In the End of August 2018 I had the chance to participate in a Design Sprint facilitated by AJ&Smart. Together with Migros and Namics, we invested four days to work on the future of Migros iMpuls, a project I have been working on for about two years.
When I travelled across the States in September 2017, I took my chance to experience some of the IBM offices across the pond.  
Sprint1

Focusing on one part of the scenario

Sprint5

"Crazy eight", super crazy ideation

Sprint2

Drawing a storyboard of the idea

“Create and test a new idea in 5 days”, is what a Design Sprint, originally invented by Jake Knapp, promises. I was especially interested in the differences and similarities in AJ&Smart’s Design Sprint and IBM’s Design Thinking.

 The biggest difference I noticed was the human centered approach of Design Thinking. Through tools like empathy maps or needs statements or by involving a sponsor user, you really try to change into your user´s perspectives before you think of how to solve their pain points, which I as a UI/UX Designer advocate for. I missed this approach in the Design Sprint. In the Sprint we did, however, do a first, rough user testing on an actual, digital prototype. Design Thinking as I know it did contain a paper prototype but I really embrace the possibility of having (or in my case being) a product designer to produce a very first prototype within one day. This one day of prototyping was really challenging but at the same time really exciting since I got into that rush of way to much to do in way to less time where you really get the most of yourself as a Designer.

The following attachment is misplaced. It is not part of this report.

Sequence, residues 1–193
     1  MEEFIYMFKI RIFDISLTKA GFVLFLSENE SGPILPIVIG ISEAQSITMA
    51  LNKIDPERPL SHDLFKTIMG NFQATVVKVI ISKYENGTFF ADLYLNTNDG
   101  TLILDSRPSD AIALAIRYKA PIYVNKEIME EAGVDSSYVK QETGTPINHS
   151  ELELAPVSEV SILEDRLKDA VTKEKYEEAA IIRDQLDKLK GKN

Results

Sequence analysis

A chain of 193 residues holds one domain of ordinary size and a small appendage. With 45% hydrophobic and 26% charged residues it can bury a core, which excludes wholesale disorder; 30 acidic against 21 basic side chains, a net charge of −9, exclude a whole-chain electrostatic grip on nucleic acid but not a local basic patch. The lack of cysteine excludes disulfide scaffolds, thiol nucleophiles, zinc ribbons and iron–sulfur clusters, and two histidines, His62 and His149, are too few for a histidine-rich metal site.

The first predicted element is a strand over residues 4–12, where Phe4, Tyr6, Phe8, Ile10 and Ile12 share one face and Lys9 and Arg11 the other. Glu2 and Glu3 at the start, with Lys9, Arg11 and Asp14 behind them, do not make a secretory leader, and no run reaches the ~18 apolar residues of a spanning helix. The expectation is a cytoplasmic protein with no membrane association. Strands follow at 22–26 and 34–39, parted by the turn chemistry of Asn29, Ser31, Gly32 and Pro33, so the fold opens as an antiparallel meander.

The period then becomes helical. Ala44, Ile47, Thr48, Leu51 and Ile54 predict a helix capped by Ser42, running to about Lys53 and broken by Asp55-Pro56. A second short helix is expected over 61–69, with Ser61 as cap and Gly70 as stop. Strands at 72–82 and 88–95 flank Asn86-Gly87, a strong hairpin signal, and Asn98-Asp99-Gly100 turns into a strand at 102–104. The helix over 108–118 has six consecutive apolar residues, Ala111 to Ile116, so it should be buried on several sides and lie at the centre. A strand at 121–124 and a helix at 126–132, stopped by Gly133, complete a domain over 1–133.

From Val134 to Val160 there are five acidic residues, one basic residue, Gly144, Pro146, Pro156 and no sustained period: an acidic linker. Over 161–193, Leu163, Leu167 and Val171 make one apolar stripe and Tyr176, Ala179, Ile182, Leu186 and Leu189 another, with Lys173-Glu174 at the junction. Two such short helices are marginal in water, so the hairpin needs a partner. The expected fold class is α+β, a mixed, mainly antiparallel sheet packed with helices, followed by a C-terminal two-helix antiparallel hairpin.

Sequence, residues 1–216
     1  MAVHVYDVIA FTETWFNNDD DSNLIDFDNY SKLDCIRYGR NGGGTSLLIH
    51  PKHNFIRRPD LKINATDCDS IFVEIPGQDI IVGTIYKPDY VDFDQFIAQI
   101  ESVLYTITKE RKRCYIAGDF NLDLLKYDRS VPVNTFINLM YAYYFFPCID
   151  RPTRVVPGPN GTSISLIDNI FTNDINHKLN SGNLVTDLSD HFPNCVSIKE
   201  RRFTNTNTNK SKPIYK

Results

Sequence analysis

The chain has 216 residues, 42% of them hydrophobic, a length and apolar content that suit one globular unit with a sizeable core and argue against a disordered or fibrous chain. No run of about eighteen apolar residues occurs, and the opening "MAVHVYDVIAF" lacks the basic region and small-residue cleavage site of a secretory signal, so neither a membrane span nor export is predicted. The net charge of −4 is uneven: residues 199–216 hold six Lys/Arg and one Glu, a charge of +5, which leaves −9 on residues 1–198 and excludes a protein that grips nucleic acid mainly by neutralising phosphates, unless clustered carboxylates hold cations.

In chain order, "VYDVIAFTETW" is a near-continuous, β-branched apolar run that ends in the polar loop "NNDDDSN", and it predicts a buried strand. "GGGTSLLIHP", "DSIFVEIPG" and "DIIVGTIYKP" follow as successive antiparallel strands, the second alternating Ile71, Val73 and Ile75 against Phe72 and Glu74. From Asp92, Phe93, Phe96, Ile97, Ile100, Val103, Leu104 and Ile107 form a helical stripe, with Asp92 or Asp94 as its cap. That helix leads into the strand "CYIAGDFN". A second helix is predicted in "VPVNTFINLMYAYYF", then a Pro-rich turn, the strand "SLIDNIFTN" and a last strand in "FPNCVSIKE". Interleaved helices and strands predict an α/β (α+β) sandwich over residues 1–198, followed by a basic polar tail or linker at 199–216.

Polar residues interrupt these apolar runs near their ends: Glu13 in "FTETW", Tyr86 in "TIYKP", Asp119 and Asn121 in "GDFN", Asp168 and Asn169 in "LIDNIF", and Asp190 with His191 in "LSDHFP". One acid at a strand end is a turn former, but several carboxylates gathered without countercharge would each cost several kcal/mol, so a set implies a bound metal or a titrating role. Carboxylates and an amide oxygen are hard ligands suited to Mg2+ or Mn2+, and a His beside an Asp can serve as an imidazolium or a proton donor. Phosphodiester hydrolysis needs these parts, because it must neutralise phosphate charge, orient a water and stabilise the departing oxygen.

I really liked the inspirational part called “lightning demos” where every participant very quickly presented an existing product/app/feature/concept that she/he thinks to be inspiring for the others when doing the ideation process. Although I think it useful to ask participants to do a little research in advance, so they don´t feel rushed and the output is of high quality.

 Both systems equal one another in the principles of less talking, more writing / drawing, quantity over quality and every voice is heard. Additional to a voting system of sticking dots to the Postit’s idea you like, which Design Thinking and the Design Sprint offer, the Sprint enables one decider to take the final vote, always. The decider is usually the PO or the person with the most responsibility towards the product in real life. Other than in a Design Thinking workshop, the person responsible is in this case able to shape the ideation process into the direction she/he thinks best whilst making sure every expert opinion is heard and carefully considered.

 I consider both methods excellent ideation and validation processes and I am inspired to take on some of the Design Sprint aspects I mentioned to enrich our future Design Thinking workshops. I do however prefer Design Thinking‘s user centered approach within the ideation process.

Photos © AJ&Smart

© Antonia Horvath, 2018 | LinkedIn | Behance